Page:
The worst US recession since the 1930s was even deeper than previously estimated, reflecting bigger slumps in consumer spending and housing, according to the Commerce Department’s annual revisions also issued on Friday. 

The economy shrank 4.1% from the fourth quarter of 2007 to the second quarter of 2009, compared with the 3.7% drop previously on the books, the report showed. Household spending fell 1.2% in 2009, the biggest decline since 1942. 

Among companies expected to report this week are Procter & Gamble and Clorox whose results could give another glimpse into the strength of consumer spending or its lack. 

Earnings growth for S&P 500 companies in the second quarter is expected at 36%, while revenue growth is seen at about 9.1%, according to Thomson Reuters data. 

Options investors appear to be expecting more volatility in the technology sector, which has heavily weighed on the market this week, to continue. 

Some options market analysts see more range-bound trading ahead, with top end at 1,120 on the S&P 500 and the bottom end at 1,065. 

In interviews and investor letters reviewed by Bloomberg, managers who dodged the financial crisis said they expected the US and European economies to slow and were positioning their holdings accordingly. 

David Gerstenhaber of the Argonaut Macro Partnership fund and Xerion fund’s Daniel Arbess see potential in emerging markets. 

Laurence Benedict of Banyan Equity Management LLC has pared investments because markets were proving too tough to anticipate. 

“Our expectation is that we will continue to see downward revisions to growth forecasts in advanced economies,” Gerstenhaber said in a telephone interview.

The US$1 billion Argonaut Macro returned a cumulative 48% from the start of 2007 through June 2010.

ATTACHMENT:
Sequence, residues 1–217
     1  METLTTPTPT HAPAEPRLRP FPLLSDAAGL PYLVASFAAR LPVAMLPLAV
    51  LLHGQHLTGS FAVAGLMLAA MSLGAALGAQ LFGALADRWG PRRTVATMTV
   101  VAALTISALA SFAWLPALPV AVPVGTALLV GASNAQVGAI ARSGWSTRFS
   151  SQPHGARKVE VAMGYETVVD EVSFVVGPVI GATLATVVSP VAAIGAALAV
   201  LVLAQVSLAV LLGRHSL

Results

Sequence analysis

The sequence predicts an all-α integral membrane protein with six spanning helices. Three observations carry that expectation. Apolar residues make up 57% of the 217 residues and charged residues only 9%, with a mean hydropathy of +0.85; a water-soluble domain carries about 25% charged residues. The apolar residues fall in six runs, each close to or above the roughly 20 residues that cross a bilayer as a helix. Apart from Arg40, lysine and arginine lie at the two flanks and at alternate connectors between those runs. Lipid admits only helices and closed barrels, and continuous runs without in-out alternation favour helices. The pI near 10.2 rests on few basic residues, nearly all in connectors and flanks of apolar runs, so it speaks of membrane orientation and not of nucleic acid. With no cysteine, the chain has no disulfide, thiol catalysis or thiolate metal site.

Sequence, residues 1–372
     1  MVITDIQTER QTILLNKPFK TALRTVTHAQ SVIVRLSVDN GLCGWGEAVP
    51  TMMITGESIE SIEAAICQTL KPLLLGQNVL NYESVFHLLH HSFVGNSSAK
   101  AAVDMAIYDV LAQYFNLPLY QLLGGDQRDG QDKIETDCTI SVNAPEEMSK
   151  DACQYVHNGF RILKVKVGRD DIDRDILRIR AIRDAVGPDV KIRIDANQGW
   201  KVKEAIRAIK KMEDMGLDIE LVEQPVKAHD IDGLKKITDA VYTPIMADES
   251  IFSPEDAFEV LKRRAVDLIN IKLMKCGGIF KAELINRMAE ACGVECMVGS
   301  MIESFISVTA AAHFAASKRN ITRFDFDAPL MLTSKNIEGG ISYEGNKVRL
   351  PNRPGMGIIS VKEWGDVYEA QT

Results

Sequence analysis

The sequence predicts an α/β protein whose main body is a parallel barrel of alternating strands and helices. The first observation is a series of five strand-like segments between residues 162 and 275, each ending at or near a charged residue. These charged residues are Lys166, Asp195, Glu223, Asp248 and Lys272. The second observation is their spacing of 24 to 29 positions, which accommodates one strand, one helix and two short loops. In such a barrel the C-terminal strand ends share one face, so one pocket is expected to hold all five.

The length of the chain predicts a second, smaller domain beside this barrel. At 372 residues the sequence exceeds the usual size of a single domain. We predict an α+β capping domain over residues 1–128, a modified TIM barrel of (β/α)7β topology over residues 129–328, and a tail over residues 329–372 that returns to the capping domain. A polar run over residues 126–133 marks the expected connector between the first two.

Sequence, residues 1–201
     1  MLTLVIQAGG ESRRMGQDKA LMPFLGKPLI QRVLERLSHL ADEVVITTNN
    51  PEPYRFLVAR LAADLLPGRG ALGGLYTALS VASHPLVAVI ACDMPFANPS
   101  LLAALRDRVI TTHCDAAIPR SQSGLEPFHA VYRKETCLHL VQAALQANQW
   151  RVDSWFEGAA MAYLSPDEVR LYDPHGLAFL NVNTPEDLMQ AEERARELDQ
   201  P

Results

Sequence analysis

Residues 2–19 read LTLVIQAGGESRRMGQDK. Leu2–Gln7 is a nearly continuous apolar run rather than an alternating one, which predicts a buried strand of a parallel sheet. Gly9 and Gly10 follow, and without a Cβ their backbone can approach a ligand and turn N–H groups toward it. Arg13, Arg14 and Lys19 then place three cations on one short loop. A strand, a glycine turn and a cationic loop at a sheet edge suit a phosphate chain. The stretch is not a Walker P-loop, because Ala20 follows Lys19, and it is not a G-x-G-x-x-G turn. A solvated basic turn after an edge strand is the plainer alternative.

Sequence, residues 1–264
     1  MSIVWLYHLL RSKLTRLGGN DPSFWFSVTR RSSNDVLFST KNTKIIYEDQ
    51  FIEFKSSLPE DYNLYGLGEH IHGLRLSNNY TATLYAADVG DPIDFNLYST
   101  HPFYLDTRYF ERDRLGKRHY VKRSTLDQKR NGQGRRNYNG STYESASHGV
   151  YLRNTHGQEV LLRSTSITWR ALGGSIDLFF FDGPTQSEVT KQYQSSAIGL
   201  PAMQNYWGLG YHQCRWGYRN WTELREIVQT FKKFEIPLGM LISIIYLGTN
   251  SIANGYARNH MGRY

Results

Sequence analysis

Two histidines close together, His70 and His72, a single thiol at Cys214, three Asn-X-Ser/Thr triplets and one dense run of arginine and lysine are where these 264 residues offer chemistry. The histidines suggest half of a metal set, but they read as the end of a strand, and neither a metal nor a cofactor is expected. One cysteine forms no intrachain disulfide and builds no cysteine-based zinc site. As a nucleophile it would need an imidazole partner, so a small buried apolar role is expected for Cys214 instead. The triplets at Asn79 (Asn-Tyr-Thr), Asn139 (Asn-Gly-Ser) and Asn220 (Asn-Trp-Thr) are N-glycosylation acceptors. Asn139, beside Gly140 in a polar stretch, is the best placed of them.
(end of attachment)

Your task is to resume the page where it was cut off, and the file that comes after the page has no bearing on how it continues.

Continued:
Gerstenhaber, who founded New York-based Argonaut Capital Management in 1993, said he’s keeping his long position in China’s yuan, an investment he’s had for more than a year that will profit if the currency rises. 

But the US government's non-farm payrolls report represents the key focus, and the outlook is bleak. 

The jobless rate is forecast to rise to 9.6% from 9.5% in June, according to a Bloomberg survey, reflecting the end of the benefit of part-time Census work. 

“Consumers seem to be focused on saving and spending only on necessities, and that’s likely to continue through the rest of the year,” Ryan Sweet, a senior economist at Moody’s in West Chester, Pennsylvania, told Bloomberg. 

Another reason for investors to remain cautious was a warning from former Federal Reserve chairman Alan Greenspan who told a US TV interviewer that the American economy feels like it’s experiencing a “quasi recession”. 

Greenspan said he could see “nothing out there” which would alter the trend level of unemployment. As for the risk of a double-dip recession, Greenspan said it could happen if house prices fell again, but he said prices appeared to be stabilising.